Put the pitchforks away (but keep them handy)

Credit: Tommy Gilligan-USA TODAY Sports

The Ramblings

In the context of everything that happened this offseason, and what all parties involved said throughout training camp, I am absolutely baffled as to how the Packers put that performance on the field against the Saints. It was troubling, to say the least, to see a team so lifeless and utterly nondescript–particularly the quarterback, who spent the offseason “working on himself” and publicly quibbling with the organization. Davante Adams, who is dealing with his own mini-standoff with the front office, said last week he thinks this is the hungriest team he’s been around. They could have fooled me, because yesterday they looked very much like myself after Thanksgiving dinner, stuffed full and ready to fall asleep in a recliner as the sounds of football play in the background.

Was there truth and merit to the things Matt LaFleur and Aaron Rodgers said after the game? Sure. Both coach and quarterback admitted they did their jobs poorly yesterday. LaFleur mentioned at least three times his failure to have the team ready for the game. Rodgers flat out said, “I played bad.”

Normally, the blame-taking and personal responsibility from team leaders are incredibly endearing to me. Yesterday, though, all I could think was “How?” How could a team be so unprepared? How could a game plan be so off-base? Well, Rodgers might have given some insight into that, too, with perhaps the most troubling quote of the day. When asked if the team came into the game too full of themselves, expecting to just show up and roll, the three-time MVP responded, “Yeah, I think so…I think there was probably some of that.”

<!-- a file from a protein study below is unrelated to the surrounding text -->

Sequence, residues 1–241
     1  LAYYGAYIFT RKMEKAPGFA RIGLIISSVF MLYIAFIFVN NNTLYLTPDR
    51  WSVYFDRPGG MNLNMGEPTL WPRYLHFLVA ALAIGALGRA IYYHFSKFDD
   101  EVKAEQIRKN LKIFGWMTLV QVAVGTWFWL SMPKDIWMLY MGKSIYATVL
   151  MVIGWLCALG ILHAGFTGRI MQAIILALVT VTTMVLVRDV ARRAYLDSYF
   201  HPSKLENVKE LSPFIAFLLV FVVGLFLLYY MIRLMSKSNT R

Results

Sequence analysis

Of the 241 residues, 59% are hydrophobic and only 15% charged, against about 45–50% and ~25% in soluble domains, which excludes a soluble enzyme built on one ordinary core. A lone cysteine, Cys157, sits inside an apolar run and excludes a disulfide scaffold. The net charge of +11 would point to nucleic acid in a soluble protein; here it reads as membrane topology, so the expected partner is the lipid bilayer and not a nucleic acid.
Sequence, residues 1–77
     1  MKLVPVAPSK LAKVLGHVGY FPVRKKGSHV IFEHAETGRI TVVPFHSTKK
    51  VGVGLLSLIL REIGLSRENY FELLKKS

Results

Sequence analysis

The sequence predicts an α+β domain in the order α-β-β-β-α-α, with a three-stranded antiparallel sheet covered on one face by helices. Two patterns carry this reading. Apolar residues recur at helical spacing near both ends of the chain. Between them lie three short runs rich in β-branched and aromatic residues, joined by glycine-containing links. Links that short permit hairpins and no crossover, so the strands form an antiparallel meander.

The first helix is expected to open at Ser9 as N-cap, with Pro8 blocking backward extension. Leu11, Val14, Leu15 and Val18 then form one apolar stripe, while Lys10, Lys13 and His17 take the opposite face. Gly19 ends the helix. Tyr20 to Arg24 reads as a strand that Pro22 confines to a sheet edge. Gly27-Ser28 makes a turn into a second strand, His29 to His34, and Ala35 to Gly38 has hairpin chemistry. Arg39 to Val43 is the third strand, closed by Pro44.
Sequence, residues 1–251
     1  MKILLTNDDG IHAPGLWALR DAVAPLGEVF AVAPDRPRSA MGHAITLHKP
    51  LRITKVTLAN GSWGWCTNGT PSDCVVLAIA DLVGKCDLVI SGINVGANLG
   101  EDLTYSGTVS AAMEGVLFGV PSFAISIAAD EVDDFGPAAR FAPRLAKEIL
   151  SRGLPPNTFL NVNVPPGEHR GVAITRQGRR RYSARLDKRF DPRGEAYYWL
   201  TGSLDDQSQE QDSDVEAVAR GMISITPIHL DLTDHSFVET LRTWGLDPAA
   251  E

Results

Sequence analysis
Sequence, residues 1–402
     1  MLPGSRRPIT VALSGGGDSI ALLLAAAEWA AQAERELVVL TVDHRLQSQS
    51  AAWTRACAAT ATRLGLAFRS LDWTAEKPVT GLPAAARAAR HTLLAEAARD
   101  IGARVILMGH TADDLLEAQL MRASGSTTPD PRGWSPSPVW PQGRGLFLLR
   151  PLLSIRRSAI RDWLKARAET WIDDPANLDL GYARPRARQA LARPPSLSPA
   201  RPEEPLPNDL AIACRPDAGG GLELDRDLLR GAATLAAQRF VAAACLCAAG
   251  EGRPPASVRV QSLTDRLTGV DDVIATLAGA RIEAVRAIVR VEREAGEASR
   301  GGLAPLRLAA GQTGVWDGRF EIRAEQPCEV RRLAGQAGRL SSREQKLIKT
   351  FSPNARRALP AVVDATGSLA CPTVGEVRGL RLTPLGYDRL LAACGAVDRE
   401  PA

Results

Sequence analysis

If that’s true, it’s only fair to admit the team, the staff, the front office and whoever else weren’t the only ones overestimating the Packers’ ability to step on the field and continue where they left off last season. Since the day Rodgers showed up at training camp, there was rampant talk among both professional and amateur media about how terrified opposing defenses should be of facing a Green Bay offense with the “Last Dance” version of Aaron Rodgers at the helm. Instead, the Packers looked like a team caught up in reading their own press clippings.

Again, LaFleur and Rodgers said all the right things in their postgame press conferences. LaFleur pointed out the sole positive of the game is that there are still 16 to play. Will that, or anything else that was said, make anyone feel better about what they saw yesterday? Not unless this team rebounds in a big way next Monday against Detroit. Fair or not, if this team looks anything like they did yesterday in the early stages of next week’s game, the boos will rain down at Lambeau Field. During training camp, Rodgers was asked if this year was as Super-Bowl-or-bust as any in his career. His response: “It’s Titletown. It’s championship or disappointment.” He should know better than anyone that you can convince the denizens of Titletown to put their pitchforks down for a while, but they’ll always keep them handy.